I believe you have BB90 confused with the shimano BB91 (or BB92 in MTB circles) which is a nylon reinforced cup which is pressed into the BB of the frame. The BB91 standard comes in a few widths for BB which are 86.5mm width for road which in the end after the cups are pressed in become 90.5mm (hence BB91?….yah confused yet…just wait) The MTB BB92 kit which either works with a 89.5mm or 92mm width and this depends on whether the manufacturer wanted to run the BB asymmetrical or symmetric due to using a E-type derailluer or not.

    So depending on what manufacturers bike you purchase and what BB koolaid they have drank you might want to know this information before you leave the shop and make sure you marker it in on the underside of your top tube…this is so when the poor mechanic/parts counter guy comes to deal with you and a new BB you will at least give him a heads up on what they are dealing with and they can get you set-up in a timely less frustrating manner.

  10. Jean on

    This is a useful article with good pictures.

    I agree with most of it and appreciate that it points out the old Ashtabula system was strong. Your department store 10 spd example does not suggest this, but the early BMX bikes with their CrMo one piece cranks and their higher ball-count, more precision, pressed in bottom brackets could take garage roof drops that totally flattened a top quality pair of wheels in one drop. No aluminum set up ever matched that strength.

    I do question the use of the term “loose ball” to express what should more accurately be called “three piece” cranks. In fact your own example shows that three piece cranks used the same type of “retainer” bearings as did the Ashtabula.

    You can be excused for missing the tangent of hollow BMX crank development including the Red Line Flight system.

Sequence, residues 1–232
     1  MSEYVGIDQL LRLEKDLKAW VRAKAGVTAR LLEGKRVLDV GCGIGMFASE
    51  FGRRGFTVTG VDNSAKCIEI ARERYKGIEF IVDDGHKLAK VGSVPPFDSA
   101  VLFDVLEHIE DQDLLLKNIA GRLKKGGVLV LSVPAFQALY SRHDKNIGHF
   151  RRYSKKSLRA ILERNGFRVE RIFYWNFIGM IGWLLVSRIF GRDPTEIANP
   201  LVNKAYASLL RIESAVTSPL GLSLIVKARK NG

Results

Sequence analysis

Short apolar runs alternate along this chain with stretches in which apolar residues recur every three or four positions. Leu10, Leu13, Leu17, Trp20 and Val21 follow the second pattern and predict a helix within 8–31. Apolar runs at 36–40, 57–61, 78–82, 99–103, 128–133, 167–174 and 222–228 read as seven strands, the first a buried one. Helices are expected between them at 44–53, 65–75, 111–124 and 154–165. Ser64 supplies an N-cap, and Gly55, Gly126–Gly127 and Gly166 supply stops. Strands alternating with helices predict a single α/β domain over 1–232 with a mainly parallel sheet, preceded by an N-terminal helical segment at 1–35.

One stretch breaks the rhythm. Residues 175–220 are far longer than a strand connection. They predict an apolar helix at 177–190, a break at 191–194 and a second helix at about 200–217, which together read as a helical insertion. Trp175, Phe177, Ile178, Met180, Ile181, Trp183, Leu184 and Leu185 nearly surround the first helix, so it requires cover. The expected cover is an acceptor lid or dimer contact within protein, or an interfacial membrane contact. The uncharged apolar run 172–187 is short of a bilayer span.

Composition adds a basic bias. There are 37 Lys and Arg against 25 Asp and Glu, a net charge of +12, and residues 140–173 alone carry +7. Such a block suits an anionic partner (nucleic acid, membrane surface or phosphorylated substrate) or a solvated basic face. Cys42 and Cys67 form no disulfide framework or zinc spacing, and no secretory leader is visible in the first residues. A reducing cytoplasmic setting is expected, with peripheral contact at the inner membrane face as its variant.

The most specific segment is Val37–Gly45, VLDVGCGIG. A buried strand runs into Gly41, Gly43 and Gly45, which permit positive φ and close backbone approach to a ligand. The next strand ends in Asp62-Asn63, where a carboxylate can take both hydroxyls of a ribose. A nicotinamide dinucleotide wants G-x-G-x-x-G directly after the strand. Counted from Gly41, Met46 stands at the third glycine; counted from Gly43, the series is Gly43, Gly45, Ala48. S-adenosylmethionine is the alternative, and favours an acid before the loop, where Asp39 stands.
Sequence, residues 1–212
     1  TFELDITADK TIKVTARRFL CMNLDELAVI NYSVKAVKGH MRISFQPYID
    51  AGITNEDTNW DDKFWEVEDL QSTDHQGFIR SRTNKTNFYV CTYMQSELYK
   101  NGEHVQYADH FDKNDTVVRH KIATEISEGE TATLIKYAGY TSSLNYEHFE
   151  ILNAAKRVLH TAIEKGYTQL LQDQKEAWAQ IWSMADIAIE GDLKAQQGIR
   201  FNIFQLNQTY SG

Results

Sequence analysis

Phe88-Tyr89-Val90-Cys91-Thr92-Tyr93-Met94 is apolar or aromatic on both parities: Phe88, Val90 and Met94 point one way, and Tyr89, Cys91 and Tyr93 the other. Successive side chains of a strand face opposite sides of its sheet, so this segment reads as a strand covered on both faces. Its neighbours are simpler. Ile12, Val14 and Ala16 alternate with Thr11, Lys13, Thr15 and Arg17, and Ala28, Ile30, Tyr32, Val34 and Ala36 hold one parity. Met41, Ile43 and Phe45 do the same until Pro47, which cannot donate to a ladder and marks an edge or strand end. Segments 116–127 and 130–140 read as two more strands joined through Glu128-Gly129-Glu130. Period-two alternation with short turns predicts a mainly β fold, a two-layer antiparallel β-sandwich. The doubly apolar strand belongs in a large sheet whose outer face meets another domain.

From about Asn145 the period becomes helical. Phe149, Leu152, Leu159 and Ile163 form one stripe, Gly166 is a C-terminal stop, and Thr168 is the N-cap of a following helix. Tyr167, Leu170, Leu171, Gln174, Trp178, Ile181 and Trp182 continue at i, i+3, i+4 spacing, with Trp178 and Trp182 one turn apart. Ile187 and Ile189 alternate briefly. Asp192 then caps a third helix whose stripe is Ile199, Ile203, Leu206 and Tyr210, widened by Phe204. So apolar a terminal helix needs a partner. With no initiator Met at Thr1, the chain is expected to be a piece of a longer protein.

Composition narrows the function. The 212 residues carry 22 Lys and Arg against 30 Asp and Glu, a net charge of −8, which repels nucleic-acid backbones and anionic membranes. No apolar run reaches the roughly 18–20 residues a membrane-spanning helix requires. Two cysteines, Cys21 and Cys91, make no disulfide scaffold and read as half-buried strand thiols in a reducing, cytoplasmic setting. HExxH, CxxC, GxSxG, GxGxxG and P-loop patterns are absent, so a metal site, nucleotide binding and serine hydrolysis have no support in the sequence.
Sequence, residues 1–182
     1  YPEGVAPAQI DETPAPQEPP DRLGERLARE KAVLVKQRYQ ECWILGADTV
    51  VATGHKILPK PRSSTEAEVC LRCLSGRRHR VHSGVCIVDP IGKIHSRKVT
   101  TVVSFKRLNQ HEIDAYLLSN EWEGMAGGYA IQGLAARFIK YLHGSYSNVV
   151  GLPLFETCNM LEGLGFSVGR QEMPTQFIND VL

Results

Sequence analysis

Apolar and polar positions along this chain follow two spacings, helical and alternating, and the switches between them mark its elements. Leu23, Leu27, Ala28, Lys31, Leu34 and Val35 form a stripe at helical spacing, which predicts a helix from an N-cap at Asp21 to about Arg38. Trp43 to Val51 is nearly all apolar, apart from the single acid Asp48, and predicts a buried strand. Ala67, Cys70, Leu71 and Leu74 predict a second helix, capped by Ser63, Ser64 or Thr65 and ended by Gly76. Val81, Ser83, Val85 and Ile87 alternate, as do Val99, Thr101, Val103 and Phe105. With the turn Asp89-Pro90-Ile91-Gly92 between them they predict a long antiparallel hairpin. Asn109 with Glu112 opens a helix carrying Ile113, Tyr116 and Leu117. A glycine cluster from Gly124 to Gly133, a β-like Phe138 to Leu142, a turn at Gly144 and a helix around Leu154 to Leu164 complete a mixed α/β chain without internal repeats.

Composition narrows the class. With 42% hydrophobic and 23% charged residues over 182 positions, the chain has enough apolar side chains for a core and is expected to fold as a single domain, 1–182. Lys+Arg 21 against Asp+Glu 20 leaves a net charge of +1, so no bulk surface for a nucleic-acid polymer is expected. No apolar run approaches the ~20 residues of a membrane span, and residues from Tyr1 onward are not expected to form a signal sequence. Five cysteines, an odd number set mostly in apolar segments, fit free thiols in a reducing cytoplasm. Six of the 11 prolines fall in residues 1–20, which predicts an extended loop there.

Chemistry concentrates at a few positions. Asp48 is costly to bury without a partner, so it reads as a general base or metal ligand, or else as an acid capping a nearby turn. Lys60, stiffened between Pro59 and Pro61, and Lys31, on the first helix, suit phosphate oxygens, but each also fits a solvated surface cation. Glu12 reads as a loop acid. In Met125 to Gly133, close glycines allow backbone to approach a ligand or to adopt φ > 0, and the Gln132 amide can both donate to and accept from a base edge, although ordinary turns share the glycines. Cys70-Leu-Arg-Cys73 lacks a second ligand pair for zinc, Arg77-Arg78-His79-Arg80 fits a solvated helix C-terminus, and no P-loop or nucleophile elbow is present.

Thank you for mentioning the innovations that Cannondale and Alex Pong (Magic Motorcycle) brought to the story.

    I do think that missing “cottered cranks” is not acceptable. That is surely the great grand-father to all that has followed.

    That cottered crank was the rest of the world’s system at the time Schwinn and all the other American bike manufacturers where using the Ashtabula (ohio,btw) one piece crank. Anyone interested in keeping a classic bike classic might find this necessary information. Working with them can be tricky, the most important things to know is. Drive the pins in, don’t use the treads to pull the pins tight. You probably won’t be able to use a pin once you remove it but by now that might be a necessity. There where about 8 different pin diameters/ and bevel tapers, so matching pins and pins orientation to each other was important. J&B imports still has many of the sizes.

    All in all, nice web content. Wish I had done that.

  11. Alan puzarne on

    Has anyone had a problem with creaking from bb30. I am purchasing an orbea orca currently have easton ec90 crankset and bottom bracket. Can’t decide whether to us with sleeve or move to SRAM BB30 crankset. Any advice is appreciated

  12. Eric in Boulder on

    I’ve been riding since the ’60’s, and have seen the up and downsides to the evolution of BB tech especially. The trade-offs between utilitarian/tourist oriented design thought, versus pure racer’s priorities, is a constant source of aggravation. It is my opinion that except for the weight issue, many “advances” have been poorly executed, and the BB is perhaps the worst.